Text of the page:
3. Pram thought experiment - Here again we have the problem of action through inaction like with the euthanasia example. Which is the worse initiation of violence? Pushing people out of the way to save the baby or doing nothing and allowing the baby to get hurt or die, which is what anarchopac would say is consistent with the NAP? I'm not sure if you guys have a uniform view on whether inaction can constitute action. I think I would still answer this criticism by saying again that the NAP isn't the only moral law we live by. It's just the one we choose as the ideal guiding principle for organizing a society.

In this scenario, doing something violates the NAP while doing nothing does not. However, most people would probably forgive you for saving the baby so long as you don't maim them in the process. I mean, maybe some people might forgive you even then, but the point is that people can forgive you for aggression after the fact. If someone forgives you for your aggression, they are demonstrating that they do not consider your actions to have been aggressive after all.

So, yes pushing them out of the way is aggressive, but they can forgive your aggression thus nullifying your crime. If they don't forgive you, then you have to pay restitution for what, a bruise or a broken arm? I'd say that's a small price to pay for saving the life of a baby.

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Blargg replied on Sat, Dec 1 2012 11:19 PM

I think he has a point that the NAP as the central, guiding principle for all actions falls short. I see the NAP as having nothing to add to most situations, and only applying to some which if allowed, cause great harm to society.

In the animal cruelty example, the NAP as I understand it has nothing to say. This is not to say that people have no feelings on the matter or that it's fine, just that it's not an issue of aggression towards other people. I think it's simple-minded to want a single principle to give detailed guidance in every situation.

It's not a failing of the NAP that it doesn't cover everything. It's just one "layer" of society, one that gives great power to other layers. In the example of being verbally harassed, one can simply have the person leave, if the property owner agrees, or go somewhere the person isn't allowed. If there's no violence, this will be fully effective. Or for someone who mistreats animals, others can refuse to have any dealings with them, thus giving the person the choice of hardship or to stop mistreating animals.

In the examples of ending people's lives, it's really a case of deciding not to continue using one's own resources to keep the person alive. Even if the person were paying to be kept alive, to cease this would be to breach your contract with them, not aggression.
 

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As I see it, NAP is the only basis by which to judge others' actions, and is the foundation for what I'd consider an honorable personal moral code.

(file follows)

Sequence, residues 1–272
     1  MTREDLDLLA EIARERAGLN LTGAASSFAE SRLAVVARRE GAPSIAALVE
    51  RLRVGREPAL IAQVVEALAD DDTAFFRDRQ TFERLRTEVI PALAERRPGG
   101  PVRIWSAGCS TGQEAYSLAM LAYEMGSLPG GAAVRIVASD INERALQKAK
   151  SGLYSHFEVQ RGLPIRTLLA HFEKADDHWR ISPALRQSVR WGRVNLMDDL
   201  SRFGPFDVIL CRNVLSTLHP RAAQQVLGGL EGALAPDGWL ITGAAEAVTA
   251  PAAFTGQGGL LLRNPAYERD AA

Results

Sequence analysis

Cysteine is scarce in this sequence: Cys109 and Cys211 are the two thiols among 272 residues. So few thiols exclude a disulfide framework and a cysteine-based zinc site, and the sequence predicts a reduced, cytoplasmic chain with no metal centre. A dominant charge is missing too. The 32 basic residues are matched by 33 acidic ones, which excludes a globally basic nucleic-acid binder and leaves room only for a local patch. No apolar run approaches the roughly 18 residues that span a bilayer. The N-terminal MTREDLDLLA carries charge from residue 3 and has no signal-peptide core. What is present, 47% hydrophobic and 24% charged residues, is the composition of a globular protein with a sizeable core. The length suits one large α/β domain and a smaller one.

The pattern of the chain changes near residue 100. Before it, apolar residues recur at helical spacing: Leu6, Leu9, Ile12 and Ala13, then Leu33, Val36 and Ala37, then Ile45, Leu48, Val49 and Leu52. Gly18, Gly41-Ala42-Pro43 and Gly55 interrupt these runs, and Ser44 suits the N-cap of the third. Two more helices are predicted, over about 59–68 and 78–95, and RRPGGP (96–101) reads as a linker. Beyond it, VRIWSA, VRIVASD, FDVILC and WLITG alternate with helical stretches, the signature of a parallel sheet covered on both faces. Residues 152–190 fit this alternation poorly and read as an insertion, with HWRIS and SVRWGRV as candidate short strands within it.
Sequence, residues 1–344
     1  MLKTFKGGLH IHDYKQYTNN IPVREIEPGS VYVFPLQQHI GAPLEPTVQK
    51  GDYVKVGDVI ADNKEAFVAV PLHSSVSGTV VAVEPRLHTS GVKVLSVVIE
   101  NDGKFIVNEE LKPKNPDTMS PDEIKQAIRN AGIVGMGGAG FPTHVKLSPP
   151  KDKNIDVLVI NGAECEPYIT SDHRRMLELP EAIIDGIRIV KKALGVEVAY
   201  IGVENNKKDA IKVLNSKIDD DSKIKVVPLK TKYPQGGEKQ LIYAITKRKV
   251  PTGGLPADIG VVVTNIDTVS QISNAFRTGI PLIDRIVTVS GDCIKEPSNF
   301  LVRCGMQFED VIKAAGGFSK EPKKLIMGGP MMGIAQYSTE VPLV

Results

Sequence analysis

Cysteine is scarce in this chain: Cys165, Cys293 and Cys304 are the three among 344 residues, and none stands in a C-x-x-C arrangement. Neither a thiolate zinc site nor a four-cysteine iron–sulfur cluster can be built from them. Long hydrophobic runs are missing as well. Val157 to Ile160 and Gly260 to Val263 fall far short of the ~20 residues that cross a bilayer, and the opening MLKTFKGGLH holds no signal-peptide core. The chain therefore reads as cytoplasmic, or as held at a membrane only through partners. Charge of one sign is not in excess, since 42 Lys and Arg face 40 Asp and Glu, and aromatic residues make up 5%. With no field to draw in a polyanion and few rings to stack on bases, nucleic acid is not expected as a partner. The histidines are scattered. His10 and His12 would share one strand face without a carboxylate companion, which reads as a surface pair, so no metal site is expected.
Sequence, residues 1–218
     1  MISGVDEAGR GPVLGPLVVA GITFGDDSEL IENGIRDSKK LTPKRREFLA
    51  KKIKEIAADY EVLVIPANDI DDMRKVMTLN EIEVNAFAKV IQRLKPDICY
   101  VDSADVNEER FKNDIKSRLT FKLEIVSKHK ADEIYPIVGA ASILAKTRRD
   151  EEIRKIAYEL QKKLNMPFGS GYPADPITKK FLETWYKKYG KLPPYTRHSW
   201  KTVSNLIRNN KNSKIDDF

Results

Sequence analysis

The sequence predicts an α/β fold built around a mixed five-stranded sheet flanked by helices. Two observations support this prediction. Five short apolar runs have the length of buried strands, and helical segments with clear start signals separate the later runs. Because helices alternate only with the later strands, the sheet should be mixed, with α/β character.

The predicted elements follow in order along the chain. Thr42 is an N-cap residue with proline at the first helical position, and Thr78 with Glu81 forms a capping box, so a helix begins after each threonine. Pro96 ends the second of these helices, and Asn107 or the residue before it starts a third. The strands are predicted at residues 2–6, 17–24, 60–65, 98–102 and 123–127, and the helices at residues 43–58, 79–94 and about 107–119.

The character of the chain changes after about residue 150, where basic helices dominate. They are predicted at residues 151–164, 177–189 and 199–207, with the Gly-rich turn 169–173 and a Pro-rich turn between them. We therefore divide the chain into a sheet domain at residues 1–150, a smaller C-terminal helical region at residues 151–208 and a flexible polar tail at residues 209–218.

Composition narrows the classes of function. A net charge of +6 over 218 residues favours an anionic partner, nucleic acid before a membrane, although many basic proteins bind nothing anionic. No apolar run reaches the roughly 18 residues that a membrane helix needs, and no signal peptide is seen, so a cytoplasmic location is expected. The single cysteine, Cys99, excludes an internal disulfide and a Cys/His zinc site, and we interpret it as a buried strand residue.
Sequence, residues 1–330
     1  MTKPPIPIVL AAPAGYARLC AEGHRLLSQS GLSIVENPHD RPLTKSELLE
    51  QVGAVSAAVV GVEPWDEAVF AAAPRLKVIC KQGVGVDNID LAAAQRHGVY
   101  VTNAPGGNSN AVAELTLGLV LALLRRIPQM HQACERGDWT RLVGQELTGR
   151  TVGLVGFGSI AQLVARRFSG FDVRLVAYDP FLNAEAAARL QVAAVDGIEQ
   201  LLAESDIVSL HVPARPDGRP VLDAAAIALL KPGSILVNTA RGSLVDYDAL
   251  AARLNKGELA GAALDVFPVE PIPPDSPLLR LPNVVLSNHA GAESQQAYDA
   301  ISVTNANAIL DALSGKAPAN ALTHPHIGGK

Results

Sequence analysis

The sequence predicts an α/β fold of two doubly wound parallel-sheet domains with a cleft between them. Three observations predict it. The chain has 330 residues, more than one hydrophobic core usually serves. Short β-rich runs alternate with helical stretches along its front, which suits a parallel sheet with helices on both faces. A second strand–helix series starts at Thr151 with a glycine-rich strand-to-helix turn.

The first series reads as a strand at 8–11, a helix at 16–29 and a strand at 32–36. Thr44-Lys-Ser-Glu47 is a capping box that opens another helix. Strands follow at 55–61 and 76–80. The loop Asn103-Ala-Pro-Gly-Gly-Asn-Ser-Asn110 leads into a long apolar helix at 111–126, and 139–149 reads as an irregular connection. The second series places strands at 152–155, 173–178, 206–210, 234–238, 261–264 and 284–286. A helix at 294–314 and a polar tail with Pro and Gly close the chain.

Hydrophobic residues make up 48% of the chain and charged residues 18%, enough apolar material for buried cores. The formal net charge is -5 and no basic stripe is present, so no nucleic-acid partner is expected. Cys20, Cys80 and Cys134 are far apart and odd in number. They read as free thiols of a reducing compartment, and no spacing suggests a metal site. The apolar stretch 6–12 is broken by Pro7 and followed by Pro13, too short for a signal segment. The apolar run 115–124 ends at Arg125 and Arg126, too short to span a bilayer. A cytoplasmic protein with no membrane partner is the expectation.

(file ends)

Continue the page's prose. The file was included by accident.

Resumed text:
What I mean is that I might have a moral belief regarding premarital sex but I have no rational grounds to pass judgment on others on that issue.  I can only let my own actions be guided by it. 

Issues that NAP covers are different: I can apply that rule to any rational person I meet.  It's fairly clear cut in my opinion.  The euthanasia example above is handled first by determining if the patient can make the decision for themselves.  If no, they are not covered by NAP because they are too ill or what have you to make choices for themselves.  In that case, it's not a matter for NAP.  It's a decision for the person's caretaker based on their personal morals and their knowledge of the patient's wishes prior to illness.

Verbal vs. physical violence: NAP covers actions and threats of force against the property of another, both material goods and/or their person.  Anything else is not covered by NAP.  The manipulation scenario you describe would be a situation of the person being "manipulated" having made a choice based on information given to them by another.  It's their right to be self-destructive, and nobody is required to interfere in that process.  After all, it's impossible to distinguish morally between forms of argumentation.  If you call it wrong to convince someone to believe a self-destructive thing, you have to also call it morally wrong to try to convince them of a non-self-destructive thing.  You've just outlawed all argumentation.  It can't work like that.  The individual who makes the final choice of who to believe/how to act is in charge of their own destiny.

The pram thing is a scenario we've discussed here before-inaction cannot be called action.  This was spelled out very clearly for me in my first thread on this forum!  If you think it over, you're FAILING to act in others' favor in some way or another every second of your existence.  You can't be held to any requirement toward your fellow man that way.  However, most people have a sense of proportion and a personal moral code that would indicate that violating NAP in order to save a baby (within reason) is worth the risk that whoever got hurt would expect recompense for it.  It would be a matter of what you valued more: the baby's life or the avoidance of a court case. 

NAP doesn't mean that your hands are tied.  It just means you might have to make it up to the guy you hurt, if the situation seemed to require it.